Defining Lake Tahoe architecture
Building season brings new examples of Alpine style
By Susan Wood
Tribune staff writer
From the look of individual structures, it appears South Lake Tahoe architecture has withstood the test of time through the years.
And to architects, there’s room for improvement without degrading the lifestyle, environment and character Tahoe people have come to know and love going into grading season May 1. This is the date the Tahoe Regional Planning Agency allows the turning of earth on construction jobs.
Architects are trying to elevate the area to world-class destination status.
We’ve all seen it. The million-dollar home next to the Tahoe shack.
“That’s part of the charm here,” South Shore architect Alan Tolhurst said of the escape from cookie-cutter neighborhoods. “Back then, for $5,000, you could buy a home in Tahoe, and it didn’t matter if it had heat because the people would only come up in the summer.”
Tolhurst described an environment in which beer kegs filled with concrete were used as floor supports.
“Buildings were held together with chewing gum,” he said during a tour of Tahoe communities Tuesday. He’s worked on projects from Fallen Leaf Lodge and General Store – an example of old Tahoe architecture – and the Days Inn, to Tahoe Fly Fishing Outfitters and his own three-story, 2,500-square-foot dream home on Muskawaki Drive. It’s due for completion in July.
Tolhurst used his house as an example in “mountain expression,” a term San Francisco architect Theodore Brown coined after working on the Cecil’s Fountain Plaza building.
“I’m an artist. I think the building should express what people like about Tahoe. To me, it’s granite and mountains and strength,” said Tolhurst, a rock climber and mountaineer.
A cross between Alpine and contemporary, a rough concrete wall leads up to the cedar and rust-colored synthetic stucco home set into a terraced hillside for environmental purposes. Tolhurst, who serves on the TRPA’s Advisory Planning Commission, designed the concrete walls into pillars in the front. They continue into the interior of the house.
Tolhurst climbed two-thirds of the way up the wall over the patio, showing where his 3-year-old daughter, Zyena, has created her own art.
Down below, a wine cellar and exercise room beckons the homebody to the basement.
Tolhurst has spent much time studying architecture and appreciates good design when he sees it.
“She’s done a good job fixing it up like the cabins she rents,” he said, referring to Greta Hambsch, owner of Accommodation Station.
He describes the Red Hut as fantastic on Highway 50, an eclectic-looking thoroughfare.
“There are nice buildings here that give it a sense of history,” he said. And size, which is immaterial, shows the depth of offering.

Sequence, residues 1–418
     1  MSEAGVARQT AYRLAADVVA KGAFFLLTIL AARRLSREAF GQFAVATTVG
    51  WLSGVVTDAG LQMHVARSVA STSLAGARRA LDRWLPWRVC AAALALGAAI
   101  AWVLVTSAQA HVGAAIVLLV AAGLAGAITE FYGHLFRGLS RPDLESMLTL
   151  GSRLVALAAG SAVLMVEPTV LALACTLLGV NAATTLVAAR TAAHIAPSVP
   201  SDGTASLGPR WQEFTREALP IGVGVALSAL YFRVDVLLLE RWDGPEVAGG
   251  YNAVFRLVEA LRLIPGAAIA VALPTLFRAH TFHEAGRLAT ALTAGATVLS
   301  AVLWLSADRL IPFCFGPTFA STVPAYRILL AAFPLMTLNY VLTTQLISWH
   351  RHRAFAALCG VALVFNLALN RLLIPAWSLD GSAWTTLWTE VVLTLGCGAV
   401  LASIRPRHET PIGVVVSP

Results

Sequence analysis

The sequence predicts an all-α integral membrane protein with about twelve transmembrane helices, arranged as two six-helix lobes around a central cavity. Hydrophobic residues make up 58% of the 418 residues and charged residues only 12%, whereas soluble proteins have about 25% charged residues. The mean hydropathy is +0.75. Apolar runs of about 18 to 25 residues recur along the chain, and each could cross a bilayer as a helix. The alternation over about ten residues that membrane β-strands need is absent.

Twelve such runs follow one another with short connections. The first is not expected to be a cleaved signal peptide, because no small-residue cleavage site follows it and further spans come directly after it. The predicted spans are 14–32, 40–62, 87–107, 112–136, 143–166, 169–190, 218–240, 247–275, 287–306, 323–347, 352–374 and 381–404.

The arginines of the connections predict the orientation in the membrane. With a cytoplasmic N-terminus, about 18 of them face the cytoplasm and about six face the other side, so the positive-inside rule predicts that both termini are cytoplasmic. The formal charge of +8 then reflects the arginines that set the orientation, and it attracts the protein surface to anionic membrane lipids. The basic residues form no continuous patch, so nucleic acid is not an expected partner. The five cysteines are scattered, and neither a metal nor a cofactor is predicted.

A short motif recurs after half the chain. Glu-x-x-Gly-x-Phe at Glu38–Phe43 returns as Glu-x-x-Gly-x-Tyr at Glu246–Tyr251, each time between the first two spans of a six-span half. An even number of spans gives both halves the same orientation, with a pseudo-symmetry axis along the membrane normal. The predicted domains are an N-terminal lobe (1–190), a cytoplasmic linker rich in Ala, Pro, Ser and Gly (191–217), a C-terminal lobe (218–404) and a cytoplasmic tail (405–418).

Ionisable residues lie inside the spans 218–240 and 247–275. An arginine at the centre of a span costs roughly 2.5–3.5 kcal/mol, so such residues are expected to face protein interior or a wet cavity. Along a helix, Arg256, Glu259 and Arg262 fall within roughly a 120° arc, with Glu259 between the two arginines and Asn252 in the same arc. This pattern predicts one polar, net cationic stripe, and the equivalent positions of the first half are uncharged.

Twin Pines, set off the shoreline at Stateline, was designed by Julia Morgan, who also brought her famed creative visions to the Hearst Castle in San Simeon and Berkeley’s Greek Theater.
And as far back as the 1869 Park building near Kingsbury, cabins are a dime a dozen as a part of the landscape in Tahoe – but some were built with a unique style that shows the look of Tahoe. These could be too expensive to emulate, even with modern building methods. A small stone building found at Fallen Leaf would cost about $150 per square foot these days.
So for commercial structures, the tendency is great to build a standard look that’s cheaper and more convenient.
Tolhurst points out several commercial buildings on Highway 50 as examples of disjointed architecture using materials slapped on as decorative pieces.
“Edgewood (Tahoe Golf Course) is a good design because it’s not trying to look like an old-fashioned building,” he said.
To varying degrees, architects Tolhurst, Brown and Brian Shinault see installing cheap facades as the downfall of Tahoe architecture. They view the practice as quelling creativity but recognize inroads made on the South Shore to spruce up the environment.
Zephyr Cove Dental took eight months of gutting and changing the exterior of the building on McFaul to reflect what’s called the Alpine style. Dr. Jack Harrington said the revamp cost more than a standard remodel, but “that’s the effect we wanted,” he said.
Shinault said he wanted to display more creativity in the Applebee’s restaurant, but he was forced to walk the line between meeting building guidelines and maintaining a budget.
“Applebees was a prime example. The one in Tahoe is the most expensive in the chain. A lot of buildings cost more, and people don’t understand,” he said of the complexities of construction.
– Susan Wood can be reached at (530) 541-3880 or via e-mail at firstname.lastname@example.org